In the words of Milesa Milinkovic: “We need to be supportive in activism for the rights of women with disabilities”


Milesa Milinkovic. Photo: "Seize the film" festival
Milesa Milinkovic. Photo: "Seize the film" festival
Milesa Milinkovic, 42, is a vocal advocate for the rights of women with disabilities. Director of Seize the Film, an international film festival in Serbia that features movies on persons with disabilities, Milesa is also a mentor in the UN Women-supported project, Autonomy, Voice and Participation of Women with Disabilities.

“I worry that in Serbia issues involving women with disabilities are rarely researched or discussed in gender equality conferences. We are stuck on accessibility issues, although larger gender equality concerns apply to women with disabilities. Even though a few topics like reproductive health and violence against women with disabilities are included in conferences, too many important challenges are neglected. For example, conferences rarely examine how women with disabilities are affected by basic issues like financial support, education, employment, partner relationships, sexual orientation, parenthood, cultural participation or leading an independent life.

That’s why we like to call our Seize the Film Festival, a “festival that changes perspective.” We show the potential of women with disabilities, and their challenges, and through our Film Caravan, we spread the Festival and its messages throughout Serbia.

Although the Seize the Film Festival is about disability, we illustrate the multiple vulnerabilities and forms of discrimination faced by women with disabilities. Because issues of women with disabilities are blurred in the feminist movement and so-called disability movement, we try to bring visibility through films, panel discussions, performances and exhibitions. This year, a quarter of the films are about women with disabilities. They highlight their achievements and tackle issues they face, like violence, rape, abortions, sexuality.

Pregnant women in Serbia face pressure to have expensive prenatal analysis and to abort babies with disabilities, even though they may not want to. We are trying to send the message that the life of people with disabilities is not a priori an unhappy one, and that quality of life does not depend necessarily on the disability but on the social system. The Festival is also significant because we provide knowledge and support to mothers of children with disabilities.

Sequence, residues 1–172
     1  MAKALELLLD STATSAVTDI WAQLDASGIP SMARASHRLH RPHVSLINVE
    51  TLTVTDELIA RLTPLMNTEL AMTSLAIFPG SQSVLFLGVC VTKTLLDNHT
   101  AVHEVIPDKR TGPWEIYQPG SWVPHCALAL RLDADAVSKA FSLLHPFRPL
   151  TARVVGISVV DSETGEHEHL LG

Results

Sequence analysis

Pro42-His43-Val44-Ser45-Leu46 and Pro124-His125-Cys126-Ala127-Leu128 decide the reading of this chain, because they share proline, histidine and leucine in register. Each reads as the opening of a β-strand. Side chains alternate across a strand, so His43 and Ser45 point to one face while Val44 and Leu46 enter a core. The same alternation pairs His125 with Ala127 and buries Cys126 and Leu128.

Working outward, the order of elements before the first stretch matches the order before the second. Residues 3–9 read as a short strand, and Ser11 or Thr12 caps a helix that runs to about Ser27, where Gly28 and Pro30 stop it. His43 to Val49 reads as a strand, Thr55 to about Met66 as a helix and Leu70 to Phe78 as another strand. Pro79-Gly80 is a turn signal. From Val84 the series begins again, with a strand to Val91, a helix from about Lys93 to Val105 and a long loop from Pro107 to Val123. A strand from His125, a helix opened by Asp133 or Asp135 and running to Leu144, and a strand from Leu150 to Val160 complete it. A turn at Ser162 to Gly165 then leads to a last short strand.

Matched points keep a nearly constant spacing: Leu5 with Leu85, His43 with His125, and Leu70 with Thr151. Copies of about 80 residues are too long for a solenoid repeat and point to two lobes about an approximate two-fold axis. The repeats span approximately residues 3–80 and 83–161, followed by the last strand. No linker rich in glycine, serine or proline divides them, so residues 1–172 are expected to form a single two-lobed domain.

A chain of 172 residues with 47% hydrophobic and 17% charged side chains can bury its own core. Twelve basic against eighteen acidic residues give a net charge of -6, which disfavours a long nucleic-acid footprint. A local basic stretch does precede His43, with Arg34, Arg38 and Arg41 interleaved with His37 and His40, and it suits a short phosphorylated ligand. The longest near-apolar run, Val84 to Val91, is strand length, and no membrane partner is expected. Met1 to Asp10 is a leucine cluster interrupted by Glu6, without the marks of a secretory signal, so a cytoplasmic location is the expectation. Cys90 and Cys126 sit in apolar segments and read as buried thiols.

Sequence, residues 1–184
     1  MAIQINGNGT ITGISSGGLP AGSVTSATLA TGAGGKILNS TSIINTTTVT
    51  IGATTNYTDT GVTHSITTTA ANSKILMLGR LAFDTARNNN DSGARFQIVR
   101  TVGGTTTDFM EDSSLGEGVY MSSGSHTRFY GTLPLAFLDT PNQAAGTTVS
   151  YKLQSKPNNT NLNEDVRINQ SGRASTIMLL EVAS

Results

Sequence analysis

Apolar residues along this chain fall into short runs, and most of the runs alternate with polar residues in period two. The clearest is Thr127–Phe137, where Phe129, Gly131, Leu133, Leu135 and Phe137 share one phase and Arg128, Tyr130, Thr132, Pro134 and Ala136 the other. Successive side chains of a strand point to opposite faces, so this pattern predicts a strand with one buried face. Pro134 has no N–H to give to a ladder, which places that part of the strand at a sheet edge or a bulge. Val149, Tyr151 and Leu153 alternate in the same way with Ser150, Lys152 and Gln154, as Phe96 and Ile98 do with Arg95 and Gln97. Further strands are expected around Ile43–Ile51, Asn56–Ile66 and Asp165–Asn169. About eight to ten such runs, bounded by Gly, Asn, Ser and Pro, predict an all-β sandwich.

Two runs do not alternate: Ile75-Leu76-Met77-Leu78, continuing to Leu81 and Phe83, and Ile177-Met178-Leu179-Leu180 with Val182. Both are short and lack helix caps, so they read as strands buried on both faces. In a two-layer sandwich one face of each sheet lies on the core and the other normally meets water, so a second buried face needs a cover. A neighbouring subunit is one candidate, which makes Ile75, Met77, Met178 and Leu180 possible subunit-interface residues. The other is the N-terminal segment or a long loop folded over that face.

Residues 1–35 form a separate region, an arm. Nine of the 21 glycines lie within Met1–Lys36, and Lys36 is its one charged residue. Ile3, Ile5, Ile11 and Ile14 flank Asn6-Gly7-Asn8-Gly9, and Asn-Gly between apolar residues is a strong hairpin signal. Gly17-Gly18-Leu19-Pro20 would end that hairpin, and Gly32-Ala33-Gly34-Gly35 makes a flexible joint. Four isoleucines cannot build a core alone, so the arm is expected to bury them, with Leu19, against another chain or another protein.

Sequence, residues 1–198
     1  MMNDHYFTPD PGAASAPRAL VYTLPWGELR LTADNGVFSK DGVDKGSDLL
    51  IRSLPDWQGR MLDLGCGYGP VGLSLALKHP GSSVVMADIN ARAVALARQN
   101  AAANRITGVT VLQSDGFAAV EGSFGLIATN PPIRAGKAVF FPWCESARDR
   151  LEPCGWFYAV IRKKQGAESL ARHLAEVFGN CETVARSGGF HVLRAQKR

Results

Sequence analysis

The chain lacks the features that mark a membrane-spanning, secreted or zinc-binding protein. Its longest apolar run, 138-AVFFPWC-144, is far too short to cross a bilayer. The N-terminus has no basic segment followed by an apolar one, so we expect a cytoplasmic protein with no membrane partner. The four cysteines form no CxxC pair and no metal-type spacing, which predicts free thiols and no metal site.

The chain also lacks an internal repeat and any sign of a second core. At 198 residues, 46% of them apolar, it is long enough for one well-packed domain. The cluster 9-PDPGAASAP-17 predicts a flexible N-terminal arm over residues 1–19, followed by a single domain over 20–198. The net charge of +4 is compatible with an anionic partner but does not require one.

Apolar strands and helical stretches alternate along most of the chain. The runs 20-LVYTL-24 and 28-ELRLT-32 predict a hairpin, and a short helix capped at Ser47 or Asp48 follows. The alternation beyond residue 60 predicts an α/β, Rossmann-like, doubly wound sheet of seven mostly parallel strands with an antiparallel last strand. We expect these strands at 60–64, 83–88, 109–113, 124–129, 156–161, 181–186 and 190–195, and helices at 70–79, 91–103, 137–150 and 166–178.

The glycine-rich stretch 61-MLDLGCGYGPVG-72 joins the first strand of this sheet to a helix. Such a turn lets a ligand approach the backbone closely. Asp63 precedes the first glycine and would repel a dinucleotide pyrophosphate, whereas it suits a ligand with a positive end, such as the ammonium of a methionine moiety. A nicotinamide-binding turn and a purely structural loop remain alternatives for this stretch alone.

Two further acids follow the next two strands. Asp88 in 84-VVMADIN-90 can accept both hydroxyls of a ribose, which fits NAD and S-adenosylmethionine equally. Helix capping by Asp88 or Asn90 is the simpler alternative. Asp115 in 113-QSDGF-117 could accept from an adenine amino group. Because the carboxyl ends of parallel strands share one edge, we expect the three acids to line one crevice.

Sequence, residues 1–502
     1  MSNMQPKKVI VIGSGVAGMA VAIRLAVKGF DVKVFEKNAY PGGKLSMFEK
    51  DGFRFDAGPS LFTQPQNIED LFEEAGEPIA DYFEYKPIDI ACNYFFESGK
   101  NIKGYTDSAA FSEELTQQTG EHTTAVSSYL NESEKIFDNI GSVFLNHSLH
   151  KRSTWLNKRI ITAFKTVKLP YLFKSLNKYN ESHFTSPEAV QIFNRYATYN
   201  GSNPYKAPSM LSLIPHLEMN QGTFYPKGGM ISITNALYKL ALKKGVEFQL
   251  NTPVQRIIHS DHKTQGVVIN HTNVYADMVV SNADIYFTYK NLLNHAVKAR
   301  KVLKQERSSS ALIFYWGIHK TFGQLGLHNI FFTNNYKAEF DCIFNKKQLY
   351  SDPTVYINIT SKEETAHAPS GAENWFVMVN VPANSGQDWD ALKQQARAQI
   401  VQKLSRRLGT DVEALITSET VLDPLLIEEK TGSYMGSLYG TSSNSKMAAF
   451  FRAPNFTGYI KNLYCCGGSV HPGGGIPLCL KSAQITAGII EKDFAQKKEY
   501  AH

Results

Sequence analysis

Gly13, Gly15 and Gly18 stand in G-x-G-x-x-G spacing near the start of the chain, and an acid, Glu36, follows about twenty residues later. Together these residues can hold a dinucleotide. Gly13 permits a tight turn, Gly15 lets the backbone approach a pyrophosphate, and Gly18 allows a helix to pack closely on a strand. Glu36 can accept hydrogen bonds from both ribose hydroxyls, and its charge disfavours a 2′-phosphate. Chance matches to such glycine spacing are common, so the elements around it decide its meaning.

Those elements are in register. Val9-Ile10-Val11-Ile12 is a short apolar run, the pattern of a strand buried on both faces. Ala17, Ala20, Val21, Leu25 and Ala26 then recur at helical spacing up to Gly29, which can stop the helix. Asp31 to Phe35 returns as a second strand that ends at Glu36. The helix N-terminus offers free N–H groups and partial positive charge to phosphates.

After observing young activists with disabilities, I believe that they are not fully aware of what human rights and equality really mean. Generally speaking, in Serbia we are grateful if we have basic human rights and if our basic life needs are satisfied. But there is more to life than that: Individuals and the state must do more! We need to be supportive and united in activism for the rights of women with disabilities, pushing for laws and conventions that guarantee equal opportunity for everyone are enacted and followed and regulations adopted.

Because Serbia is a deeply rooted patriarchal society and full equality is missing, we need mechanisms to ensure that women in every field are protected and supported.

At the end of the day, individuals make up the state and society. Their personal beliefs and prejudices affect which regulations and laws are enacted and carried out and how much they’re applied. Through education and the media, attitudes about equality can change.

That’s why I hope that next year’s Beijing +25 Regional Review in Geneva will shed more light on women with disabilities.” 


This story is part of the regional media campaign “12 voices, 12 journeys, 12 women from 12 Europe and Central Asia countries”. Passionate about gender equality and women`s rights, they explore aspects of the 12 critical areas of the Beijing Platform for Action: poverty; education and training; health; violence; armed conflict; economy; power and decision-making; institutional mechanisms; human rights; media; environment; and the girl child. On the eve of 2020 and the 25th anniversary of the 1995 Beijing Declaration and Platform for Action, these 12 women are reimagining economies, societies and political systems to achieve gender equality. Imagine a world where gender equality is the norm. These women do.